A time to tear down and a time to build up
A time to cry and a time to laugh
A time to grieve and a time to dance

A time to search and a time to quit searching
A time to keep and a time to throw away

Time is the key ingredient of blending two families. Like letting dough rise, there’s no way to rush it. The waiting allows for the necessary process of experiencing both sides of this Ecclesiastical list, and the hard work pays off as God promises—He makes “everything beautiful in its time” (Ecclesiastes 3:11).

Second, we must be open to embrace traditions and expectations from both sides of the family. Philippians 2:3-4 says, “in humility count others more significant than yourselves.  Let each of you look not only to his own interests, but also to the interests of others.” Stepfamilies often start out looking like a football game—each family has learned to perform under a different coaching style and works from a custom-made playbook.  The only way to become one team is to stop the game, release the pride of winning, and learn from one another. 

To love my husband and stepsons with the love of Christ doesn't just mean that I can’t disregard their family history, but that I must also embrace parts of it as my own.  For example, at Christmas, I utilized most of the decorations from Robbie’s house, and we discussed the traditions his boys were used to keeping.  Not everything could be done for time’s sake, but I worked hard to include as much as possible. 

Throughout the year, I ask them stories about Kari and try to see things from their perspectives. Understanding where they came from also helps me know who they are now.  I don’t try to recreate Kari’s home or take her place, because God has established a new home.  But parts of the new foundation come from what we all bring from our pasts.    

Third, grace is amazing. In such close family relationships, people are going to get their feelings hurt.  Add to that the inevitable misunderstandings that come with blended families, and emotions can get raw.  But grace allows us to keep loving each other, giving the best of ourselves, and working to grow together, even when we don’t deserve it. 

Hebrews 12:15 says, “See to it that no one fails to obtain the grace of God; that no ‘root of bitterness’ springs up and causes trouble…”  Marriage is full of disagreements, but that’s not the problem.  The real troublemaker is when justice reigns supreme over grace. It’s justice that calculates rewards and punishments, and that’s when bitterness creeps in.  But grace always rewards, even when it isn’t earned.

That doesn’t mean that you shouldn’t argue or that you should always give in to your spouse.  Actually, sometimes the most grace-filled thing you can do is fight.  One night I stated an opinion that made Robbie very upset.  I was stunned at how he responded.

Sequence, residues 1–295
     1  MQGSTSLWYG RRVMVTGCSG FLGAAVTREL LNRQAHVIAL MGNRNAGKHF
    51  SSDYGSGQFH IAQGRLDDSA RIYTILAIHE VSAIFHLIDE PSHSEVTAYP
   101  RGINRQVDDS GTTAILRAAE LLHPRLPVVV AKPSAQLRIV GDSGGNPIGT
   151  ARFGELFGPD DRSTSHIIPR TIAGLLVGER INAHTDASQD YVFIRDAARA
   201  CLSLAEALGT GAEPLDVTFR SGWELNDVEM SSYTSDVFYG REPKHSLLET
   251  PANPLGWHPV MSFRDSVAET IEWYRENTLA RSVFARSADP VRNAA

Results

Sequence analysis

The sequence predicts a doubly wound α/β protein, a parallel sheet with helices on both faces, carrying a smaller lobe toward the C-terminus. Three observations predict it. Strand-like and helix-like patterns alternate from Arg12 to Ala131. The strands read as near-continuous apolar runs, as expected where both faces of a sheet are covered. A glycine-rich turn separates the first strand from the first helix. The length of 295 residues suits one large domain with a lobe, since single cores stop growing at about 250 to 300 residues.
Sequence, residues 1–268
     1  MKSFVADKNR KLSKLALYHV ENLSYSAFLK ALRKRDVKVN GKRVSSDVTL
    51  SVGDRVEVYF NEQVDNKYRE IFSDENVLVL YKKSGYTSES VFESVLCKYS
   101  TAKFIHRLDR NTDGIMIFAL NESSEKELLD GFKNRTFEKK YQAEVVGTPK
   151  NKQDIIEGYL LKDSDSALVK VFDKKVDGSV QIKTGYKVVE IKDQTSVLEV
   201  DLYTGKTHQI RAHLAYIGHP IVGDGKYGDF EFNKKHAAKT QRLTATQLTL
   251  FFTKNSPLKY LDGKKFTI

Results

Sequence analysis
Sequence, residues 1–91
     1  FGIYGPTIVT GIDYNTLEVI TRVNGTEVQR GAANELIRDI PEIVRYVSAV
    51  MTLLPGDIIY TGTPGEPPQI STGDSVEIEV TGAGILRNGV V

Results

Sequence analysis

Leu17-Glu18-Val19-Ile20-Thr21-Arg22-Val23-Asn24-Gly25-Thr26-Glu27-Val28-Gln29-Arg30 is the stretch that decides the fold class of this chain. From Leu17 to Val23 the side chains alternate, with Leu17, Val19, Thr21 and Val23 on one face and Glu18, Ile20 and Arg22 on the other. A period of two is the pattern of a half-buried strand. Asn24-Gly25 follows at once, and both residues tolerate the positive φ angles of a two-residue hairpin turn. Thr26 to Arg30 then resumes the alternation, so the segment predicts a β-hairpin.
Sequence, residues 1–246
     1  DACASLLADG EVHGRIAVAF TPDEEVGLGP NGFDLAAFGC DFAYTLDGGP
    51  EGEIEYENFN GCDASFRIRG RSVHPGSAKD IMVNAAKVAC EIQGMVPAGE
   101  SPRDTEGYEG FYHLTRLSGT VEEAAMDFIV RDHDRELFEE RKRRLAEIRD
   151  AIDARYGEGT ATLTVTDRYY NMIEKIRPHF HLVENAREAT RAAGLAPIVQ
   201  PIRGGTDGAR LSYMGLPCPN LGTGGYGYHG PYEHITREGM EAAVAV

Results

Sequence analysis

My initial reaction was to say nothing.  Justice was telling me that it was his place to apologize.  After all, I had every right to my opinion!  But I could feel the root of bitterness settling in, so I purposefully started a messy battle.  It turned out (two hours later) that the way I stated my thoughts sounded to him like I was calling him stupid, which was not my intention.  In the end, my bitterness was replaced with grace.

Learning to communicate in a new marriage is not for the faint of heart.  It takes a lot of patience and hard work and grace, grace, grace.  But if you can appreciate and explore your new family members like a charming foreign culture with rich history and traditions, life is much more pleasant.  As we look through the lens of Christ and not through justice, God will bring out the beauty as He promised in His time.

 

Copyright © 2014 by Sabrina Beasley McDonald.  All rights reserved.

FamilyLife is a donor-supported ministry offering practical and biblical resources and events to help you build a godly marriage and family.

Next Steps

1. Read Sabrina’s story of widowhood and remarriage in “Finding My Kinsman Redeemer.”

2. Listen to Sabrina and Robbie tell their story on a recent FamilyLife Today® broadcast.

3. One of the best investments you can make in your marriage is attending a Weekend to Remember® marriage getaway. Learn more about this life-changing event.



Meet the Author: Sabrina Beasley McDonald

Sabrina Beasley McDonald is a senior writer and web editor for FamilyLife. Over the years she has written of her engagement, wedding, and marriage to David Beasley, her experiences as a mother, her adjustment to widowhood in 2010 when David was tragically killed in a car accident, and her marriage in 2013 to Robbie McDonald. 

Sabrina has written dozens of articles for FamilyLife. Her articles have also appeared in numerous publications, including Worldwide Challenge magazine; Christian Women Today online magazine; and Australian Christian Woman.